Saturday, 4 June 2011

Interruptions - a hindrance or a help to learning?

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http://creativestarlearning.co.uk/general-commentary/interruptions-a-hindrance-or-a-help-to-learning/

8 comments:

Caro said...

Juliet. This is a truly wonderful and important post. What you have written has really touched me. I too have grown impatient with the prescriptive nature of modern life. I constantly suggest to my children that they stop, listen, smell, look around. no matter the bird you were studying has flown away. Instead you have found its nest and the beauty of the tree in which it rested. Thank you SO much. much love Caro

Kierna C said...

What a great piece Juliet - although I find it much easier to deal with distractions outside too. I was just thinking about this the other day, I seem to feel that I have to be in 'teacher mode' when inside but can be more free outside to just enjoy where the children are going with things! Maybe it's a combination of getting more secure in your own skin and outdoor learning being the best way to go?

child central station said...

Amazing piece, great insights, thanks for sharing. Sometimes I think of interruptions, especially when the children find something of interest as just a different agenda. It is so important that we follow their lead and explore what is to be explored.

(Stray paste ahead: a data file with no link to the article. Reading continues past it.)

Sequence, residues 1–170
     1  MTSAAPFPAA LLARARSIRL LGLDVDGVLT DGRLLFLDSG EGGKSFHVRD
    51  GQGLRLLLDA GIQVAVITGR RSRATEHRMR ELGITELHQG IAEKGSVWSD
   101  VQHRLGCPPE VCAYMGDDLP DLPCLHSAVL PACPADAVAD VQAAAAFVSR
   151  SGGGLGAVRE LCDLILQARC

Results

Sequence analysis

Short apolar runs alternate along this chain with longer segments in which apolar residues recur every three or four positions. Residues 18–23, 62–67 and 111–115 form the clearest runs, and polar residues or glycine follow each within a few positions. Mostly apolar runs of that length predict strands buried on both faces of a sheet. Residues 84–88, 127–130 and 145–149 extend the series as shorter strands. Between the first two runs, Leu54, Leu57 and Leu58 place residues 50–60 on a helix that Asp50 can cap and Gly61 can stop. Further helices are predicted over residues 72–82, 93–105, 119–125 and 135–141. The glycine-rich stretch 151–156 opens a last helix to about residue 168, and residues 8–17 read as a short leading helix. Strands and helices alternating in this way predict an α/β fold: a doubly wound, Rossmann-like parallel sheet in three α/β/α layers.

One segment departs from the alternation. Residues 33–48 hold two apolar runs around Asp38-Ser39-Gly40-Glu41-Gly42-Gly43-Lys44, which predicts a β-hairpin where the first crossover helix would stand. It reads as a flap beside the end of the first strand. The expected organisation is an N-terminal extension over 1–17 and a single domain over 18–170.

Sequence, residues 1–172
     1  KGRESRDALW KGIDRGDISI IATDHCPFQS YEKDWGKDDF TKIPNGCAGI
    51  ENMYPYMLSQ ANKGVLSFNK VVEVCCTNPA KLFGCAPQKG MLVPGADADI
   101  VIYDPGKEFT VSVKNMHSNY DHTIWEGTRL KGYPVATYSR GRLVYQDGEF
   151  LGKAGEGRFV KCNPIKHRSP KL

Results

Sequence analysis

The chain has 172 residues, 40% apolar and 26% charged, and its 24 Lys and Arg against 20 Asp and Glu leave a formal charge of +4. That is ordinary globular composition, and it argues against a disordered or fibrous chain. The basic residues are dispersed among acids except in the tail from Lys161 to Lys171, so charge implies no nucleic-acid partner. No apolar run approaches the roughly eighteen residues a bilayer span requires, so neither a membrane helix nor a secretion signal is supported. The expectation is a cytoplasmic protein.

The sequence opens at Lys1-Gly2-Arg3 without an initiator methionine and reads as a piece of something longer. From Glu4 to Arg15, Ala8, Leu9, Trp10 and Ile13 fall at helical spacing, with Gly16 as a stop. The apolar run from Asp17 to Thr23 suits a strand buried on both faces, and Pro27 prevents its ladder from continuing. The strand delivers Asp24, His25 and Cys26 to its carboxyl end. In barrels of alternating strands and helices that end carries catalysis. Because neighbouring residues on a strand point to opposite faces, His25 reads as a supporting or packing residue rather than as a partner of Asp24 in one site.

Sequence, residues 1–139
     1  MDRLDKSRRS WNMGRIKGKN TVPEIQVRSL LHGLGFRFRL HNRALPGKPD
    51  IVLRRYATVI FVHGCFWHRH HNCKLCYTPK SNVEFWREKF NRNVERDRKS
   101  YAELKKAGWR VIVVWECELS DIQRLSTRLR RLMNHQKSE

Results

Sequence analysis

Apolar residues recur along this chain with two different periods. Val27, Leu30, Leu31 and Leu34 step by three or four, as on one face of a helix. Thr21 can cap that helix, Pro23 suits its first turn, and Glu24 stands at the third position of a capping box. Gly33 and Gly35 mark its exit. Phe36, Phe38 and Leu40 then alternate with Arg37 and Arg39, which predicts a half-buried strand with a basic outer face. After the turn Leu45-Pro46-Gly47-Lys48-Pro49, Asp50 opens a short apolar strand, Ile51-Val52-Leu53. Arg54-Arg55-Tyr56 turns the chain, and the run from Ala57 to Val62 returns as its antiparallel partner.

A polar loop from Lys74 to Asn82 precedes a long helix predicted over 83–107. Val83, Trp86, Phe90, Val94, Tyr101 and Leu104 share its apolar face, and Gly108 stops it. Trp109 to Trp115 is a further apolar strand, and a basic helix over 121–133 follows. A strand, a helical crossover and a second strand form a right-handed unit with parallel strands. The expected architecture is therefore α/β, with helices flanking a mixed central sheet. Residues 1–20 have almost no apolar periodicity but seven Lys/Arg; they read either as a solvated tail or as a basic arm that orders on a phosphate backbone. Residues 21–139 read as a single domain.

Juliet Robertson said...

Thanks for the nice feedback. I think it's been on my mind a lot recently in that I've been doing much more outdoor learning work with classes than usual in recent weeks.

I think it is being comfortable about where one is as a teacher - not in terms of place but mindset. Being able to go with the flow helps. Also, because I always ensure a feedback or plenary session at the end of an activity we can review what happened, why and how we all managed to deal with this. I think this can help children develop resilience and acceptance of things that just happen.

tomsensori said...

Nice post, Juliet. So often we have a teacher agenda that leaves no room for the real give and take of the education of us all, teachers and students alike. I think what you are saying is leave room for what you can't control. There will be less frustration, less power struggles and more learning.

Juliet Robertson said...

YES! Thanks Tom for expressing this so succinctly!

Pam said...

I agree- great post! I also think as we get more comfortable with our own teaching style (and get to the point that we don't feel we need to defend every little thing) we tend to relax a bit and go with the flow of the interuptions- whether they are inside or out!

wondersofnature said...

I too used to find interruptions a terrible intrusion, I would become overprotective of my pupils and their session time(I work mainly 1:1). Slowly over the last few years I too have come to value interactions with others whilst we are working outdoors-now they invariably add something to the session. Even if its just an observation by me of how my pupil reacts to something/someone.

What changed?-My confidence in my ability as a practitioner, and the trust that if a pupil interacted with something then they 'needed' to. Plus the acceptance that although I might want to make a perfect space and time for my pupils I was trying to create something that rarely exists and that we all have to make the most of what we have, where we are, in that moment...